The subject of Songs and Dances of Desire, this new performance piece with music by Auckland Philharmonia composer-in-residence Jack Body, is Carmen Rupe, drag queen extraordinaire, champion of gay rights and one-time mayoral candidate, who died in 2011. She evidently saw herself in the operatic figure of Carmen, and Body’s work is sprinkled with appropriations from Bizet’s opera. This is combined with settings of “unfeminine” texts by women poets translated into Spanish and Maori. A work that has apparently been 23 years in the making, it is scored for full orchestra, three solo singers, guitar solo and dancer. The Auckland Town Hall was decked out in cabaret-style table seating in the stalls with a catwalk extending out into the audience.

Musically, Body has drawn from an extensive range of influences in order to present this tribute to Carmen. As mentioned, Bizet features prominently, along with gamelan, Richard Strauss, disco, Hawaiian hula and traditional Maori music. A piece such as this could easily become a hodge-podge but Body has the skill of making these different musical styles sound almost as though they are organically born from one another. An example is the movement “Salome’s Dance”, in which Strauss’ famous orchestral showpiece transmogrified into a Middle Eastern belly dance via some Spanish guitar solos (played with great panache by Norio Sato). Throughout, the Bizet and dance segments were beautifully contrasted with the soulful vocal movements.

Re-orchestrated solo arias for Carmen from Bizet’s opera were assigned to Chinese countertenor Xiao Ma. Body’s orchestration had something of a film music gloss to it – extra wind solos and some Latin-inspired rhythms made it seem almost like Bizet filtered through a Hollywood prism. Unfortunately, apart from a wordless vocalise of the Habanera’s main tune, languorously sensual in both tone and phrasing, he gave quite an uneven performance. While the voice has a certain androgynously sexual quality in the firmer lower register, the high notes sounded tremulous and unsupported. Intonation was also inconsistent. The programme note suggests he has sung both Cherubino in Le Nozze di Figaro and Rosina in Il Barbiere di Siviglia on stage – it’s hard to imagine his voice suiting either of these roles.

It was announced that Anna Pierard had a throat infection but would sing anyway; one of her solo movements was omitted. The voice was certainly in a fragile state but her solos were mostly focused in the lower part of her voice, which was rich and full despite her illness. Indeed, in her first solo she gave the best performance I think I have heard from her. It was darkly expressive, bringing deep emotional nuance to the text “Reduce me to ashes, like a black sun”. Later on, the voice seemed to flag; luckily, there was almost more spoken declamation than song in her later movements. The word settings in Maori were performed by Mere Boynton with great intensity and richness of tone.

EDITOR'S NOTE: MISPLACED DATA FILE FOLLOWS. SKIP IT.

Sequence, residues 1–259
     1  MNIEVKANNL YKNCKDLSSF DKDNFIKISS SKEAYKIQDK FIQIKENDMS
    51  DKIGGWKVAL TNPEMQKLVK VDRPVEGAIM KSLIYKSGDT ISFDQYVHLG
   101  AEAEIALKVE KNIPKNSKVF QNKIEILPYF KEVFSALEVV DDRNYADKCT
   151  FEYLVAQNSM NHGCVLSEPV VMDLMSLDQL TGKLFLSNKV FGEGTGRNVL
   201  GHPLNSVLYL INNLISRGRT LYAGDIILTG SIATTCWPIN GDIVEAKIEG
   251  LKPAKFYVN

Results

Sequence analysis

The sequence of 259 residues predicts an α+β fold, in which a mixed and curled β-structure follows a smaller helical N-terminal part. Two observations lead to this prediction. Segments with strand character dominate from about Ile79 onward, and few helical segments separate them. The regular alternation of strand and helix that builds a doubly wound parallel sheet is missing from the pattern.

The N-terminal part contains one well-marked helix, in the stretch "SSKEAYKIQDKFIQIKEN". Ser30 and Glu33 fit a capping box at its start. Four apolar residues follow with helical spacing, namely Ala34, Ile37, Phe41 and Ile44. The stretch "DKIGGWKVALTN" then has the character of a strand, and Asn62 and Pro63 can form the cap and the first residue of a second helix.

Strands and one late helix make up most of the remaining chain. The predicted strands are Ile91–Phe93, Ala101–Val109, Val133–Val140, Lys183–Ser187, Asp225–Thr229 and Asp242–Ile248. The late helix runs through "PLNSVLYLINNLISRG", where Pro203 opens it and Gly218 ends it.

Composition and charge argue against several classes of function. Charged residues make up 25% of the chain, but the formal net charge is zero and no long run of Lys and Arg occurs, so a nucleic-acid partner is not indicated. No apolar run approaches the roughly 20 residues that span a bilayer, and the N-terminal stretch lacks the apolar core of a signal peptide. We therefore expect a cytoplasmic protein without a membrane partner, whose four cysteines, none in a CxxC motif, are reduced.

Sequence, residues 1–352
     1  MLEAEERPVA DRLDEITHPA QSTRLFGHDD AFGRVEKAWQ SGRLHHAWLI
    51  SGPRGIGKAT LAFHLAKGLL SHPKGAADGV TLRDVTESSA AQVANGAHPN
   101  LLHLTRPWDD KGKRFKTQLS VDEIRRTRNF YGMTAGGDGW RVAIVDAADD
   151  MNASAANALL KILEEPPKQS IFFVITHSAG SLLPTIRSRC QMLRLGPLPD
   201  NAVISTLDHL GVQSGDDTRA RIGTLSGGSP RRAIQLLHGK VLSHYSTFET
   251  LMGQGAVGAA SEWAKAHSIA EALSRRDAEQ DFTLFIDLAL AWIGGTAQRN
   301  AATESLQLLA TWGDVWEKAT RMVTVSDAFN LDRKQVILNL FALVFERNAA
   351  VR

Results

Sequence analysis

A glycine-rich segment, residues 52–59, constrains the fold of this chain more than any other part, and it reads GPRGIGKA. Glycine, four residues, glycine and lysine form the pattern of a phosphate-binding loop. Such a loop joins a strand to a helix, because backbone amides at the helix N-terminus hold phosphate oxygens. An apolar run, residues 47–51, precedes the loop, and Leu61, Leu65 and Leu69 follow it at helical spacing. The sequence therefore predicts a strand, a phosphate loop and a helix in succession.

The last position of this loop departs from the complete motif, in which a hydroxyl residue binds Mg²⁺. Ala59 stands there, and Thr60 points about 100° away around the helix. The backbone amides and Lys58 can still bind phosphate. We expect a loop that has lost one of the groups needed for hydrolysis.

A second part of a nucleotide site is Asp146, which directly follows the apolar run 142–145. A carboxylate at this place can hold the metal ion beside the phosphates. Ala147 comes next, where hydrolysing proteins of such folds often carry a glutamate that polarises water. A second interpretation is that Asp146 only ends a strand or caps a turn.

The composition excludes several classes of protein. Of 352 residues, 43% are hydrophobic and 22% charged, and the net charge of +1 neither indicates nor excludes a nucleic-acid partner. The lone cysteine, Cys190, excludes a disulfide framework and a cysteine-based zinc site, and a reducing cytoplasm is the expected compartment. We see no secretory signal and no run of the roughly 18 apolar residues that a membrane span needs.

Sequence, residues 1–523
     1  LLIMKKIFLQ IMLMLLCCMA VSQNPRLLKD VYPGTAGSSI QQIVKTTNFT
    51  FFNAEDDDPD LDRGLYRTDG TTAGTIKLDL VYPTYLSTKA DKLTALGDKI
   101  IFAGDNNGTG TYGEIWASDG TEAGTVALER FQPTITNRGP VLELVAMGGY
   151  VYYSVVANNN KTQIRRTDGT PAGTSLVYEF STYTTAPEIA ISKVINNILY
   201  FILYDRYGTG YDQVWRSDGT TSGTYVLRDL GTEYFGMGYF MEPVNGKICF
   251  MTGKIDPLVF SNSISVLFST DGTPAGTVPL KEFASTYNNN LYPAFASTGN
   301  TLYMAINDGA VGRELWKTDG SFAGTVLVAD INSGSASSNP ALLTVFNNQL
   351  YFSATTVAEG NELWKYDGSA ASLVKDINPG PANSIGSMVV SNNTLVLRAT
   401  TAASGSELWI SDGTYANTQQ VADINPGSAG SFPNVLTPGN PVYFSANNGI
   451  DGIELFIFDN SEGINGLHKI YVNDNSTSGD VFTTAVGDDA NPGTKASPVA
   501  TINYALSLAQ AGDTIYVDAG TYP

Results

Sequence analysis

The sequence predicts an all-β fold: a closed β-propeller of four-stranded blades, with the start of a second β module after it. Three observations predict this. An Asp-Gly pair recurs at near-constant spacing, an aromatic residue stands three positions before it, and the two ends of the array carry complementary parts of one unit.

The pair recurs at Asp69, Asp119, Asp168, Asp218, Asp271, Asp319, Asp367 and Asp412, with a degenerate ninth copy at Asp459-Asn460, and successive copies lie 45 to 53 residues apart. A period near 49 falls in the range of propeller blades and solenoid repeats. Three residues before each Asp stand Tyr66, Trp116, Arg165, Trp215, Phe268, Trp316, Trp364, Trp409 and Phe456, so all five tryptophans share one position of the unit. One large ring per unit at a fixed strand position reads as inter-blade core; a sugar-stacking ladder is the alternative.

What would a tribute to a drag queen be without a performer in drag? We got this in the form of dancer Jason Moore. He was called upon to do everything from acrobatics suspended from the Town Hall ceiling to a Dance of the Seven Veils in the aforementioned Salome segment. While his physicality (especially in the aerialism of “African Snake Dance”) was undeniably impressive, I was less inspired by the choreography. It would have been nice to have a little more dancing; the majority of the time what we got was mostly more like purposeful striding down the central catwalk. These movements lasted long enough that even the over-the-top costuming wasn’t sufficient to keep one’s interest. However, I did enjoy the tacky palm trees that suddenly appeared in the Hawaiian hula movement.

In the end, what impressed about this performance was the fluency of Body’s score and how well it knitted together its disparate elements to form a cohesive whole. I also can’t offer enough praise to the Auckland Philharmonia Orchestra who performed the score like they’ve played it their whole life, ably directed by Kenneth Young; amazing facility considering that it was the world première. Also congratulations to the orchestra and Auckland Festival for their endeavour in presenting this work – while not all elements came off perfectly the work itself is most worthy indeed.